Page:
Barrier Against the Experience of the Nonconceptual

The attachment to the channels of our senses is a major barrier against the experience of the nonconceptual. Understanding how the senses work will help to clarify the difficulty. This understanding is not possible to someone who has not experienced anything beyond the senses, or who might not even think about such a possibility. But when you experience things without using your physical senses, you begin to see how your physical senses tend to prejudice you in a certain direction.

Certain Kinds of Concepts Harbored by the Dimensions of Pure Awareness and the Absolute

As we explore the dimensions of pure awareness and the absolute, which lack any sense of knowing, we can begin to discern that they still harbor certain kinds of concepts. Pure awareness contains concepts of clarity, emptiness, and newness; and the absolute includes concepts of mystery, source, and nonbeing. But these dimensions share an even more subtle concept: their nonconceptuality. Because nonconceptual is the polar opposite of conceptual, it is one end of a conceptual polarity. As long as anything has an opposite, as long as anything is defined as not being its opposite, it is part of a polar dichotomy and is based on some kind of subtle conceptuality. So our experience of nonconceptuality, which is pure freshness and clarity and transparency, is still not completely nonconceptual, because total nonconceptuality has to be something that is not opposed to anything else. Now the subtle conceptuality of the nonconceptual dimensions is not a mental conceptuality, is not something that our individual mind creates. It is part of our natural cognitive development and one of the ways that Total Being manifests awareness. This is a much more basic type of conceptuality than what our mind constructs. These are not concepts that we created. These subtle concepts are a class of experience that we usually think of as fundamental to reality, as a priori elements of reality.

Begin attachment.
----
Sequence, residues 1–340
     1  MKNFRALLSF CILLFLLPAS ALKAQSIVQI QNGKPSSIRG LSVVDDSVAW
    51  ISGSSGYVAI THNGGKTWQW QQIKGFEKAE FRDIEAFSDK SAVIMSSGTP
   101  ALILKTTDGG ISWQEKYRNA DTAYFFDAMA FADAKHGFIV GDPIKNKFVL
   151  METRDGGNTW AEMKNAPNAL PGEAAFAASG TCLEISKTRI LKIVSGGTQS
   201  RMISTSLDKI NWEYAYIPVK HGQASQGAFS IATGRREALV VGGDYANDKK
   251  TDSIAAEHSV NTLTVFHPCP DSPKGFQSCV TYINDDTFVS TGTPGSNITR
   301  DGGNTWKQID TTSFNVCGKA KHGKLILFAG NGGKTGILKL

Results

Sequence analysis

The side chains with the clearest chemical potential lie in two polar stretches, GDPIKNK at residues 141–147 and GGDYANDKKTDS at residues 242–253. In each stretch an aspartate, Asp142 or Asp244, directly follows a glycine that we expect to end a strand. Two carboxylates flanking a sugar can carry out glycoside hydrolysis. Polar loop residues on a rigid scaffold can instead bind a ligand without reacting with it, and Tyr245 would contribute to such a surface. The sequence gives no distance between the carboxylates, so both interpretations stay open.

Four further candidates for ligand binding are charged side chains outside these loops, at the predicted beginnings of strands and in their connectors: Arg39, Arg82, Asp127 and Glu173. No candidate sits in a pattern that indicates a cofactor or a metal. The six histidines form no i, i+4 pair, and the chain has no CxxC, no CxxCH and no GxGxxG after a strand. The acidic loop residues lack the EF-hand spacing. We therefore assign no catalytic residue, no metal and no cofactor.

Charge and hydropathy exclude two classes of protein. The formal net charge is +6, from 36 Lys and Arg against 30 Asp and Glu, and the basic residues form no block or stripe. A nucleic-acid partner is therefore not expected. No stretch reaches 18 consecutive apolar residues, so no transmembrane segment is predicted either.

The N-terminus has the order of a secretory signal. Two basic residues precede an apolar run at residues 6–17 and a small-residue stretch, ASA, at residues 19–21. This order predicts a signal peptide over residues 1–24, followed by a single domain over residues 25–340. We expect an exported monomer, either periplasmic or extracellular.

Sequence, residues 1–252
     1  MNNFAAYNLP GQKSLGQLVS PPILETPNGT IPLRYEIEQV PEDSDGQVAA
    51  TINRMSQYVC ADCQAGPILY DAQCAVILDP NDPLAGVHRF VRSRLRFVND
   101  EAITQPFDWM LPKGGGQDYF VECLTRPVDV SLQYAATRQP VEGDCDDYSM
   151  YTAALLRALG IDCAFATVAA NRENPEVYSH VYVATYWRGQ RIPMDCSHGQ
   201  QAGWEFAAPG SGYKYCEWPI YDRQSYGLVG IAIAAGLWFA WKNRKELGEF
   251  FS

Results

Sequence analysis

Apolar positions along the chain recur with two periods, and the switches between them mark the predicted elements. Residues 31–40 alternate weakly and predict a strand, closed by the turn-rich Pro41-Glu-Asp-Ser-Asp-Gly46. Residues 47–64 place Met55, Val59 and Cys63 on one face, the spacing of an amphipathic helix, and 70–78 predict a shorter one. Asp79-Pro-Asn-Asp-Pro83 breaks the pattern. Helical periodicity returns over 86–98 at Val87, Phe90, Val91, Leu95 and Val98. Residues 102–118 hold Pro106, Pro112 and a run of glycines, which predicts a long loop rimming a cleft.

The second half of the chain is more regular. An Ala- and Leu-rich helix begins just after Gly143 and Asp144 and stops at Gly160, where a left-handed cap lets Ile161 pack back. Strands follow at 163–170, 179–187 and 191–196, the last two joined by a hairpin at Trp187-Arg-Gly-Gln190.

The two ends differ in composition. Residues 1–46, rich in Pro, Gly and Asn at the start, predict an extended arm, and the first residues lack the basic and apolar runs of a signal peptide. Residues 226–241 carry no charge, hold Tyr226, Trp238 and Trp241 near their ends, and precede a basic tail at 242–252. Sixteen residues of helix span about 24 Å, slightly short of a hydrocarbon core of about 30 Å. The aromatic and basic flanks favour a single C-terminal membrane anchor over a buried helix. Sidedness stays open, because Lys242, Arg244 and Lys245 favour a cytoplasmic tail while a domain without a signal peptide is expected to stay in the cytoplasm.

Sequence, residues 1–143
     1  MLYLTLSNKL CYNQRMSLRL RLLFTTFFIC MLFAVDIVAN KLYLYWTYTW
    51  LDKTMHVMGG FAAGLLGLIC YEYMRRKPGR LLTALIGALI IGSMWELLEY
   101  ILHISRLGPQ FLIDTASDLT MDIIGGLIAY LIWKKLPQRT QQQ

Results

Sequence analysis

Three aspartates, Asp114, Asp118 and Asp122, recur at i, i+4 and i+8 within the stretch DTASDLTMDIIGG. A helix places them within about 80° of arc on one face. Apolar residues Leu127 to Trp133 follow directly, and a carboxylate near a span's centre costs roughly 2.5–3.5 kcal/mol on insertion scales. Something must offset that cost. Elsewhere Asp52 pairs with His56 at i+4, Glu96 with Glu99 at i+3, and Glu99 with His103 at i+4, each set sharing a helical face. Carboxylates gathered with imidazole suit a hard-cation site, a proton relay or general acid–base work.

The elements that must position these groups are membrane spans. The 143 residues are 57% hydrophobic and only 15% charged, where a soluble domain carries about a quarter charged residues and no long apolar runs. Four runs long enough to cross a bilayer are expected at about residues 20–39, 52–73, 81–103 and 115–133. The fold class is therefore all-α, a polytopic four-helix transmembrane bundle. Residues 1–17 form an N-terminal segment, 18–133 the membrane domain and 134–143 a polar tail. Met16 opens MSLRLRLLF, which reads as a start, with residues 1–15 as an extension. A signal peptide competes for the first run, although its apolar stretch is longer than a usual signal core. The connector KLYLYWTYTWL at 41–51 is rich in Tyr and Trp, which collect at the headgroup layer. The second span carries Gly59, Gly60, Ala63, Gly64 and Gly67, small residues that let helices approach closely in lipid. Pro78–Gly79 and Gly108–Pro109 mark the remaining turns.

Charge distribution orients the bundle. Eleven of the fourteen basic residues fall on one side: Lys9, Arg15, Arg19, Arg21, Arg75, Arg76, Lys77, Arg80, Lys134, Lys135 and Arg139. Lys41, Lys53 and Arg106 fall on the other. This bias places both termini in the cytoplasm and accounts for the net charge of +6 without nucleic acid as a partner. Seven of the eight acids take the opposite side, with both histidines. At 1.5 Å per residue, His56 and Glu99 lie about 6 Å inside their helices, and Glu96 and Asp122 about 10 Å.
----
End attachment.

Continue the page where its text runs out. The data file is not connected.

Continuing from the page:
Coemergent Nondual Presence Excludes Nothing

Reality is then nothing but true nature that is constantly displaying itself in various and changing forms. Coemergent nondual presence does not exclude anything. It includes true nature in all of its dimensions and aspects, all of physical reality including our bodies, and our subjective experience with all of its content. We experience this totality as an indivisible truth, where all of its dimensions and forms coexist in total harmony, a harmony that appears in the orderly pattern of the logos. Since we understand this condition to be the objective truth of things we term this wholeness Reality. It is what actually is in its true ontological nature. When we do not see it this way we are simply perceiving through some obscuration or veil, some belief or representation, or from a particular vantage point. In other words, we refer to it as Reality because it is the real; it is how things are when perceived with no subjective filters. We may perceive Reality as it is, completely objectively, or in one degree or another of approximation. Our experience and perception can vary with various factors, but Reality is always a coemergent nondual wholeness.